Wondering why you can’t find jars and lids anywhere this year? We uncovered some potential causes of the canning supply shortage with industry experts and home canners. Plus, we'll share alternate ways to preserve your food until supplies are back in stock.

By Karla Walsh
August 31, 2020
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Beth Eslinger grew up in a family of dedicated gardeners, “so some of my first memories are my mom canning tomatoes and green beans, starting back when I was in elementary school. Now, I’m teaching my kids how to garden, preserve, and cook because it's important to know where their food comes from and also a bit of their farm heritage.” As an adult, she’s always had a garden (mainly in community gardens) to ensure her kitchen is never without fresh produce to cook with. This year, with extra time to dedicate to hobbies like gardening due to the coronavirus pandemic, Eslinger expanded her community garden in Des Moines and planted eight different varieties of tomatoes and six types of peppers. But as the tomatoes near peak ripeness, she’s having a hard time finding any jars and lids to preserve her garden goodies using her usual canned tomatoes recipe. 

“I have loads of pint and quart jars from previous years, so I was really on the hunt for lids. I went to four of my go-to local spots with no luck," says Eslinger. She keeps returning to these stores but shelves are depleted except for some of the pricier options. "I looked on Amazon and two boxes of just lids were going for over $20. During a normal year, these are less than $5."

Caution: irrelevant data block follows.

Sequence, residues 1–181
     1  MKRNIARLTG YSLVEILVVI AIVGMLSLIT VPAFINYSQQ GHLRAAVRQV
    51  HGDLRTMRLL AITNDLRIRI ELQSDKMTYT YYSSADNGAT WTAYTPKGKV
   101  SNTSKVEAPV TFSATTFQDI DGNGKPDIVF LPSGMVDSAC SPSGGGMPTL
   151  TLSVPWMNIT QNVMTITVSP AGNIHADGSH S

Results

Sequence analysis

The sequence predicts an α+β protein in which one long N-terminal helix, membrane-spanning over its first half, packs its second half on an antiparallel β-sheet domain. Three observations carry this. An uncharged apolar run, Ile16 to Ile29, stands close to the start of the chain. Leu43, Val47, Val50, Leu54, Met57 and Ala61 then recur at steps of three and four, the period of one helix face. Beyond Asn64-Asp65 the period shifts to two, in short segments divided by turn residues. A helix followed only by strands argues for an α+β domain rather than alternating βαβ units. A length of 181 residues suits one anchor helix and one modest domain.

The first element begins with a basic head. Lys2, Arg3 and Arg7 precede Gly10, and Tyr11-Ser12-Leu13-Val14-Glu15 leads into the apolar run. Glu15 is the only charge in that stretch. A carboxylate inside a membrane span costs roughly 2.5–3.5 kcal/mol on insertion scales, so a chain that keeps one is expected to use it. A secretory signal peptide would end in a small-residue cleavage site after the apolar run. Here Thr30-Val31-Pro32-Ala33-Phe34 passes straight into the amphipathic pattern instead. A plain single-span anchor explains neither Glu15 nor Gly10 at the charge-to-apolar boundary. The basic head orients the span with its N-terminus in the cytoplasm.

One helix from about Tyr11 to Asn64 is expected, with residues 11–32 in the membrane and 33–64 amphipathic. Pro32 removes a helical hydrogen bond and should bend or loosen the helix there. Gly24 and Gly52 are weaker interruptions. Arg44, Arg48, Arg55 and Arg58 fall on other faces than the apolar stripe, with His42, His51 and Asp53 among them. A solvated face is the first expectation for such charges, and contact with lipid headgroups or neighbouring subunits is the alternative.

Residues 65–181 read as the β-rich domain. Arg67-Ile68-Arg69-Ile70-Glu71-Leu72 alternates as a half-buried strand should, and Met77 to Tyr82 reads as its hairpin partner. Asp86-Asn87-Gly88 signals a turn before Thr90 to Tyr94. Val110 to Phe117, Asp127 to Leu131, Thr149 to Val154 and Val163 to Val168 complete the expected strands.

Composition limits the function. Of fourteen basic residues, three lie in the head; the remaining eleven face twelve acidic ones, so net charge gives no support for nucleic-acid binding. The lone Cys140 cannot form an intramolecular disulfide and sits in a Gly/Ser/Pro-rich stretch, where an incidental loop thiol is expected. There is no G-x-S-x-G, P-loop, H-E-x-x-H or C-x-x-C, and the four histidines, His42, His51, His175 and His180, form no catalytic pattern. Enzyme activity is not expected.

glass jars and metal lids for canning
Credit: Jason Donnelly

What Might Be Causing the Canning Supply Shortage?

“Consumers staying home over the last few months due to the COVID-19 pandemic has resulted in shifts in demand for food storage containers like Ball-branded glass jars and lids,” explains one Newell Brands spokesperson we spoke to. (Newell owns Ball as well as other food labels like Foodsaver, Calphalon, Rubbermaid, and more.)

During the pandemic, many consumers discovered canning for the first time to preserve produce as part of their gardening habit and to reduce visits to the supermarket amidst the pandemic, the spokesperson said. Having a stash of home-canned foods is also a good backup plan in case of future grocery store shortages.

In the first half of 2020, the food side of Newell Brands earnings were up over 35%, while online global sales tripled between April and June. Compared to 2019, these online sales jumped 230%.

As a result, “Ball has increased glass production, found additional lid manufacturers, and expanded our [shipping] locations to replenish stock as quickly as possible,” the spokesperson said.

Marie Bregg, the owner of the online retailer Mason Jar Merchant reports that sales through her online shop in late August 2020 are up about 600% over any other month in 2020, and 90% of that has been canning lids.